Professor Willie Hamilton, professor of primary care diagnostics at the University of Exeter and the clinical lead on NICE's NG12 guideline on referral of suspected cancer, said the changes could potentially 'streamline pathways' for some patients.
Speaking in an online event on optimising cancer diagnosis during the pandemic, which was part of MIMS Learning Live Digital this week, Professor Hamilton stressed that GPs' role in diagnosing and referring suspected cancers in primary care hadn't changed as a result of COVID-19. However secondary care has 'made lots of changes to try and cope with dealing with two-week referrals in a different way', he said.
Suspected colorectal cancer
He cited suspected colorectal cancer as one area where these changes could be for the better. Some hospitals have introduced faecal immunochemical testing (FIT) for all patients who would have traditionally qualified for a two-week-wait referral, he explained.
Professor Hamilton said: 'What's very interesting is the next step will be that the diagnostic test has changed depending on what the faecal immunochemical testing result is. In someone who we normally send for colonoscopy, if [the FIT result is] in the middle range between 10 and 100, maybe we'll get a capsule endoscopy, rather than a colonoscopy - and the colonoscopies are being reserved for the really high FITs.'
He added: 'I'm perfectly in support of that. There's now quite good evidence emerging that this is pretty safe practice.'
Professor Hamilton said that when the pandemic subsides the NHS would have to 'readdress the situation and see is this actually better for our patients?'
'We may actually get some benefit, ultimately, from COVID in streamlining pathways for patients,' he said.
Professor Hamilton also highlighted CA125 blood testing for ovarian cancer. 'We now have published evidence showing just how effective CA125 testing is in ruling out or ruling in the possibility of ovarian cancer,' he said.
'So while we were a bit doubtful about this until a few months ago, we now can feel much more comfortable in primary care that offering women this is safe, good medicine. And it's done in surgery, so patients don't have to feel worried that they're exposing themselves to risk by going to secondary care.'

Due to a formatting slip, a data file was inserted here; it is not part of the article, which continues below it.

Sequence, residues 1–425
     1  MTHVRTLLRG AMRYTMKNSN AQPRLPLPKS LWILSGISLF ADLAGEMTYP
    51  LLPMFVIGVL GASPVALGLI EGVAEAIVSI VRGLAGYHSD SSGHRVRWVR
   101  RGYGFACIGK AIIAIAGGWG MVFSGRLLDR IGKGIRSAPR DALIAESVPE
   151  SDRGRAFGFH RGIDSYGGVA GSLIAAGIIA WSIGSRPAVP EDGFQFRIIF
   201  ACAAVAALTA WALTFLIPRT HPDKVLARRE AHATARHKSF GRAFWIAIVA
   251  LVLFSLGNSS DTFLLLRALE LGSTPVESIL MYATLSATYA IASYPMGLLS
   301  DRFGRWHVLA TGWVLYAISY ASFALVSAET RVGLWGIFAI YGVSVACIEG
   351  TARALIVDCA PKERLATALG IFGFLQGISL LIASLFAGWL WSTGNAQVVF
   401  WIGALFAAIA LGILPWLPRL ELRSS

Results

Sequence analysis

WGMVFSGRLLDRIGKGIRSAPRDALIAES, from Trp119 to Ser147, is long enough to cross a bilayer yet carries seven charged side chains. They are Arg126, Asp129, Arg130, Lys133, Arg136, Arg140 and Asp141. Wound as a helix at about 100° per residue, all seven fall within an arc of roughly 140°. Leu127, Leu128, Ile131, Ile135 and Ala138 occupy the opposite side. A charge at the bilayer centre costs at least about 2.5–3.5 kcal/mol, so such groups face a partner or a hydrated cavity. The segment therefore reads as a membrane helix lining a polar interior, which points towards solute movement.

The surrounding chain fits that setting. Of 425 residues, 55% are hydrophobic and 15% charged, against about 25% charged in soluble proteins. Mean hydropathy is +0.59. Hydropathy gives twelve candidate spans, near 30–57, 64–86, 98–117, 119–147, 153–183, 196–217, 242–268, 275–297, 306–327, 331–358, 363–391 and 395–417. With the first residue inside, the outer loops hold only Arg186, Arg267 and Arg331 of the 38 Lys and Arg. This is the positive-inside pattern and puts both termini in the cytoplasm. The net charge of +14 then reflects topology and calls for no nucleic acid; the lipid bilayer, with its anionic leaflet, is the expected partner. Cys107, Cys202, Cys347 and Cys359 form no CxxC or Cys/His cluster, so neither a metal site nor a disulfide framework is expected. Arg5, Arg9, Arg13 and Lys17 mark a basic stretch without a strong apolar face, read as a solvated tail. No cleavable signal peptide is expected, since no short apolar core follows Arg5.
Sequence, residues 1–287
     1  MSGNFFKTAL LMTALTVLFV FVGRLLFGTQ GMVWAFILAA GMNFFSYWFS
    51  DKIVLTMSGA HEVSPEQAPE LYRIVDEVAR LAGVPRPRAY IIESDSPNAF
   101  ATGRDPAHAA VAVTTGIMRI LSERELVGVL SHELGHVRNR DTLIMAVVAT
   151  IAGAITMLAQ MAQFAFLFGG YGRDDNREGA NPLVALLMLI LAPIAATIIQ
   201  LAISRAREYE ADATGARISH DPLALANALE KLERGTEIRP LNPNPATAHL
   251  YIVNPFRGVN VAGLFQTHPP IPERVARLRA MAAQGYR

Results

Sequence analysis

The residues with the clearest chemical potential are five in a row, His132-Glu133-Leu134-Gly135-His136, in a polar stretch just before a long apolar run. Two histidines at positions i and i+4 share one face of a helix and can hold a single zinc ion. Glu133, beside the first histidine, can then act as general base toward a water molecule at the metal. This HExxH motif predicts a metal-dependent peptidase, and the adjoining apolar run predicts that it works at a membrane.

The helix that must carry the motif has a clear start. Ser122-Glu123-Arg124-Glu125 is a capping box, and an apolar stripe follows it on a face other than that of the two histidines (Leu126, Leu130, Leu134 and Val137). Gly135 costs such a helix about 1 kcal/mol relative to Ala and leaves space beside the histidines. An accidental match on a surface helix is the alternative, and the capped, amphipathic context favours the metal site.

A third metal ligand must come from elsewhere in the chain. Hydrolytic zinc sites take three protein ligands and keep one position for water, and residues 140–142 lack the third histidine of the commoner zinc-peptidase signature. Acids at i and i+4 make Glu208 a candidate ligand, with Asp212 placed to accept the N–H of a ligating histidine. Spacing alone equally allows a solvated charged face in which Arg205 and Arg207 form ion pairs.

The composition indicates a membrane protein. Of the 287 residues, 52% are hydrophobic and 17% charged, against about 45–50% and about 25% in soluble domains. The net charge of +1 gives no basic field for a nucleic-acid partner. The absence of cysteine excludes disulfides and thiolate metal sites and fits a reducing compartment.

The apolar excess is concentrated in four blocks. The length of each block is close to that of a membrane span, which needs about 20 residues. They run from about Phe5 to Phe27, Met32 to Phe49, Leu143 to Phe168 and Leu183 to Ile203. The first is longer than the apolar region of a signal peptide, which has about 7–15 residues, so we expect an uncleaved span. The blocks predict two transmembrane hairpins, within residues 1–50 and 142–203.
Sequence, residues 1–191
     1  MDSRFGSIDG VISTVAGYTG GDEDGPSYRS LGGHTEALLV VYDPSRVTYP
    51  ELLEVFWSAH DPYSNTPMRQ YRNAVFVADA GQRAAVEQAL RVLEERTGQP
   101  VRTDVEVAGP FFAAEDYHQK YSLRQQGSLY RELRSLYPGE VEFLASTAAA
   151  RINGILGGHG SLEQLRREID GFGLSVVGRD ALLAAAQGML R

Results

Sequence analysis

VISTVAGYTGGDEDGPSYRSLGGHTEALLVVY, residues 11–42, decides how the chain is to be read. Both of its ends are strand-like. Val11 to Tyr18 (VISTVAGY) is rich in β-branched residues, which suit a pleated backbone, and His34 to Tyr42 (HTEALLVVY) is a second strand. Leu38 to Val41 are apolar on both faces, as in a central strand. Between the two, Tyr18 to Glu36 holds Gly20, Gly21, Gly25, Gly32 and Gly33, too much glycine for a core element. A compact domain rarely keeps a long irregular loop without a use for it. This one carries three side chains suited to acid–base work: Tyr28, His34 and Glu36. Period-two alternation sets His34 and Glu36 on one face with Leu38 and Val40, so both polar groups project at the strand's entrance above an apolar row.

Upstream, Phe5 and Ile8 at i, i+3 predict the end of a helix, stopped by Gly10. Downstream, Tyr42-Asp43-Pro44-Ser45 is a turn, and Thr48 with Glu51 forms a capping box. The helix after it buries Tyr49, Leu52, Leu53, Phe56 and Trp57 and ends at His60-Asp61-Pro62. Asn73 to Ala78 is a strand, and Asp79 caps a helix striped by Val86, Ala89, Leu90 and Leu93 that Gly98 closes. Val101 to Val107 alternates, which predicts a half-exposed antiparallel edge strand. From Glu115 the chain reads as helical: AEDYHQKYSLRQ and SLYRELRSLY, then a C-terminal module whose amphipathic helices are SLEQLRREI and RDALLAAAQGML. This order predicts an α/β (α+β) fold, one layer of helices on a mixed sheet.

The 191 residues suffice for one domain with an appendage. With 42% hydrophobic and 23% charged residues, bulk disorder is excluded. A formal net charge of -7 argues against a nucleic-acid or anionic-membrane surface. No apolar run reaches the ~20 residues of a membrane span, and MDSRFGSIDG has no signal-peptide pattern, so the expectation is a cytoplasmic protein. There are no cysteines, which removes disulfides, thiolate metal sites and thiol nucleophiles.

Skin cancer referrals were another area where GPs were likely to have seen changes in how referrals worked, Professor Hamilton said. He suggested that 'photo dermatology' was likely to become much more widespread, with hospitals possibly requesting pictures to accompany referrals.
Also taking part in the webinar was east London GP and PCN clinical lead Dr Farzana Hussain. She said that GPs should not be 'afraid to refer into cancer lines because of the delay'.
Safety netting referrals
However, she added that practices in her PCN had found the cancer safety net template especially useful in tracking referrals.
She said using the template was 'good practice' and allowed GPs to 'put a calendar date' on all two-week-wait referrals so that admin teams could then check whether patients had been seen.
'Certainly locally, I am finding that they are not managing to, in every case, see people in that two weeks. So it's all the more reason that we do refer, and we bring that up because patients still need care and this falls under urgent care,' Dr Hussain added.
'My message to GPs would be, don't stop referring - and if you can monitor your referrals and see whether those patients are actually being given a date in two weeks, that will be useful. And feedback, if that's not happening.'